One of the most common mistakes non-researchers make is not understanding when to use Qualitative vs. Quantitative Research methods. This article briefly defines each technique and explains where each technique is appropriate.
Qualitative research is the “collection of in-depth, non-numeric data, traditionally collected face-to-face in an unstructured manner.” This form of research is primarily concerned with obtaining and understanding consumer attitudes and motivations.
The most common forms of qualitative research include:
- Focus groups
- Mini groups
- One-on-one in-depth interviews
- Laddering (in-depth probing technique)
- In-depth telephone interviews
Quantitative research is the “systematic collection of numeric data.” This form of data collection usually involves sampling techniques and sizes that enable the analyst to make projectable conclusions. Data can be collected via phone, mail, fax, or in-person.
Some common forms of quantitative research include:
- Concept testing
- Positioning testing
- Advertising/awareness/attitude tracking
- Optimization studies
- Name/logo testing
- Acquisition/goodwill testing
- Client/relationship satisfaction
- Price sensitivity models
- Market segmentation
Marketing research purchasers and research users often ask which technique will be better for a specific purpose. The following guidelines may help the next time you wonder which data collection method is best suited for your needs.
Characteristics of Qualitative and Quantitative Research
|Purpose:||To describe, explore or generate ideas, thoughts, or
feelings; to form hypotheses to be tested quantitatively
|To predict or to measure; to quantify
hypothesis generated qualitatively
|Form:||No predetermined categories of analysis||Standardized measures and predetermined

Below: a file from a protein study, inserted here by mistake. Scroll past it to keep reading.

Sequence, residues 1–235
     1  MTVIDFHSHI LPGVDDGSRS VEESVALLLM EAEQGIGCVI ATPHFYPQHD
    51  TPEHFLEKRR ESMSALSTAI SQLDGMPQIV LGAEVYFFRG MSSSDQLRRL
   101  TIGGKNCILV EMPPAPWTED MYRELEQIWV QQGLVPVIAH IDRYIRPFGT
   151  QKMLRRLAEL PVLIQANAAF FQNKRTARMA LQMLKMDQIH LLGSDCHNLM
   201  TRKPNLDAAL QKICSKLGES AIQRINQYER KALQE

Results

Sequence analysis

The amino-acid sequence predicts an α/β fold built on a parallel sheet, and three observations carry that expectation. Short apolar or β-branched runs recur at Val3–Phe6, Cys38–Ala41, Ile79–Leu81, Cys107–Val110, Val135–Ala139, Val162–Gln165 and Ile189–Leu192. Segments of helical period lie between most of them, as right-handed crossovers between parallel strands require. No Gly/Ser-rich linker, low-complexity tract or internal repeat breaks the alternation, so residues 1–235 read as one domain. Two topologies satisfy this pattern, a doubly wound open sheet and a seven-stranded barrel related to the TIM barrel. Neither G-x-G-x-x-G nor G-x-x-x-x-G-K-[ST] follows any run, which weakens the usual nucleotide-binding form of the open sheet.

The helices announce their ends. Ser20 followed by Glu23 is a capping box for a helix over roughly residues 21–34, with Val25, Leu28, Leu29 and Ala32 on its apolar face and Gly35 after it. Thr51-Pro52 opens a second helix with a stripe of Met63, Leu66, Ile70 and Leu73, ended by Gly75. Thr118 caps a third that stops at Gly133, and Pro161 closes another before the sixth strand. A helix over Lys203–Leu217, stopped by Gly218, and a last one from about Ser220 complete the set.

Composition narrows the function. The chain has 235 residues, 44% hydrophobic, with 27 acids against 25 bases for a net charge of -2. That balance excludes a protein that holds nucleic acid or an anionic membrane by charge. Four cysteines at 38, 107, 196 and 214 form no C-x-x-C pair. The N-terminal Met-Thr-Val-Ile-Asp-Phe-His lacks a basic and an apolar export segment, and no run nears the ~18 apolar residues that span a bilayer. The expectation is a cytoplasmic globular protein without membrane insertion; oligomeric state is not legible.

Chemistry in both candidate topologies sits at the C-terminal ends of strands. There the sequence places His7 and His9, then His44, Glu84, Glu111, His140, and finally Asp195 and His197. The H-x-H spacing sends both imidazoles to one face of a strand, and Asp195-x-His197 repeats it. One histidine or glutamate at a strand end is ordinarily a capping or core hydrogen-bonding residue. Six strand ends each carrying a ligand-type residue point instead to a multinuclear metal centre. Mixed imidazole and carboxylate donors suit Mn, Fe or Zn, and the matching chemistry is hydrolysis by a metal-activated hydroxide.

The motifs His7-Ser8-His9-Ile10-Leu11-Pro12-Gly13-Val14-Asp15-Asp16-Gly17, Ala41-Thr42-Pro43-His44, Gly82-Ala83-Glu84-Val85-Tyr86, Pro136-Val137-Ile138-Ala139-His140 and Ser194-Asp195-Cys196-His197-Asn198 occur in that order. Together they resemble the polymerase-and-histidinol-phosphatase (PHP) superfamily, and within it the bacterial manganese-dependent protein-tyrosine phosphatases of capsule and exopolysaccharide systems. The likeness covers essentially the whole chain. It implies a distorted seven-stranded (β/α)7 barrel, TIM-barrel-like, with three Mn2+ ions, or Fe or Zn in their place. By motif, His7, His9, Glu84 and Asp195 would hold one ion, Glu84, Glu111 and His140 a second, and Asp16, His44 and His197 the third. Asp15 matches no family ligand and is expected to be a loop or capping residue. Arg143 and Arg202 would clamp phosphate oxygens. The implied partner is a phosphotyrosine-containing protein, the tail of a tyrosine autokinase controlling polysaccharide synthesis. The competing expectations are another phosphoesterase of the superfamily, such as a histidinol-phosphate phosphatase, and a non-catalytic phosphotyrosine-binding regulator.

|Scale:||Small-scale; small number of observations or
respondents; small groups of people generating a large amount of in-depth, exploratory
|Large-scale; larger numbers of observations
(at least n=100); limited number of questions yielding broad, generalized, projectable
|Optimal result:||Greater understanding of individual
|Greater understanding of group similarities|
|Outcome:||Longer and more detailed. Variable in content||Succinct, easily aggregated for analysis|
|Negatives:||Over complicated thinking; some respondent
bias may occur
|Process:||Illustrative explanation, responses can be
|Numerical aggregation, responses can be
|Approach:||Supposedly subjective||Supposedly objective|
|Description:||Interpretive—how? why?||Statistical—how many? how often? how
|Sampling:||Convenience||Projectable, random, quota, structured|
|Strength:||Face validity||Statistical reliability|
|Cost & Timing||Less expensive. Usually quick for groups;
longer for in-depth interviews
|More expensive, usually takes longer in field
Uses of Qualitative and Quantitative Research
When should qualitative research be recommended?
- When you want to “explore” a topic, generate ideas and hypothesis
- As a primary screening tool for concepts, products, services, etc.
- To obtain an in-depth understanding of market segments
- To learn why people think, feel, or behave in a certain way
- To assist in the design of quantitative studies (learning appropriate language or ensuring all-inclusive lists)
- When the value of the decision to be made is very low, or the budget is very limited (knowing the data is not projectable)
When should quantitative research be recommended?
- To obtain definitive statistics on a topic
- As the final test for concepts, products, services, etc., prior to market entry or other large investment
- To define and determine the size of market segments
- To determine how many people think, feel, or behave a certain way
- To determine the percentages of people who hold each of the opinions which were previously expressed in qualitative research
- When the cost of the decision to be made is high
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